His Bulgarian father, who works in a brewery, and Italian mother, a microbiologist, acknowledged Paul’s passion and placed him in art classes. “As a kid drawing and creating these garments, it was really inspiring because [fashion] transported me into another world.” Paul’s nonna continued to help him with his sewing and, when he hit his teens, his mother sought out a mentor in the form of Jenny Tirelly, a sewer and drafter. “She took me under her wing and showed me how to draft patterns from scratch, and taught me the detail I needed in sewing. I’d go one night a week after school to her house and she’d guide me through the process. I learnt so much from her.”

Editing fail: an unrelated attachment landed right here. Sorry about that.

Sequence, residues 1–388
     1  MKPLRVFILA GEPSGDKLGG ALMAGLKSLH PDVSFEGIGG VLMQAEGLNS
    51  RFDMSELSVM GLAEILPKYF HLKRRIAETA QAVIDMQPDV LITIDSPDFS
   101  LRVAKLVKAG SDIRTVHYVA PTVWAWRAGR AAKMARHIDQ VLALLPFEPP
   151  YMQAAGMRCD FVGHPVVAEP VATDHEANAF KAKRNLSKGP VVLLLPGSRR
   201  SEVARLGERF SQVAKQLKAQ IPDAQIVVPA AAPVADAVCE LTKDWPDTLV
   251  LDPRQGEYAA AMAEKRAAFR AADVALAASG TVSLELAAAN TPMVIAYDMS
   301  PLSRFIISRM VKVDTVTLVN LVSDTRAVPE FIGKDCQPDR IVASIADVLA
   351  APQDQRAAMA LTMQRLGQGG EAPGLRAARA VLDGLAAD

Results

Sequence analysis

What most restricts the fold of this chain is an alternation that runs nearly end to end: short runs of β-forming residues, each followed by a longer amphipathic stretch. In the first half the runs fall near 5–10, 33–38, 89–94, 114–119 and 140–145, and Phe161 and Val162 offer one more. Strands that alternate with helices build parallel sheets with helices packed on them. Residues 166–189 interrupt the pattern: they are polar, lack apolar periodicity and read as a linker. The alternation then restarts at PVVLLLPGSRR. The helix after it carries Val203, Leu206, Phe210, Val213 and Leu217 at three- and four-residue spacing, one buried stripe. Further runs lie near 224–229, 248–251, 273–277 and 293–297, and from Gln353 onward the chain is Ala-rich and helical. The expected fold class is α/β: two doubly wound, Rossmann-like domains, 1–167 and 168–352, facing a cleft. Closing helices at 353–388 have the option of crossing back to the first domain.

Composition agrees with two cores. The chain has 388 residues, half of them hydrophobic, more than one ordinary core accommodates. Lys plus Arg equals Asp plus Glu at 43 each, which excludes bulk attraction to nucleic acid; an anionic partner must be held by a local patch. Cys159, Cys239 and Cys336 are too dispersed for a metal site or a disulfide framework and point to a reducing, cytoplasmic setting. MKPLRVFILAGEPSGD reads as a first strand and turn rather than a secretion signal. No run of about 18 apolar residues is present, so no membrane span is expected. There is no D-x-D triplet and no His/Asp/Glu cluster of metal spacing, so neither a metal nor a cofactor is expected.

Word got out that Paul was the go-to guy for formal dresses and, at 14 years of age, he decided to stage his own fashion show, and committed to his
I was still in high SCHOOL, so I was WORKING after school until 3am most MORNINGS.
final years of schooling to do exactly that. He established Paolo Sebastian thanks to a subject called Extension Studies (firstyear university subjects taken in addition to mandatory courses), that allowed him to create his logo in art class and develop a business plan. He officially launched his label midway through his last year at school.
“I had my friends model for the show and I made a collection of 63 garments. I drafted everything from scratch. I did jeans, I did suits, I did ball gowns, everything.”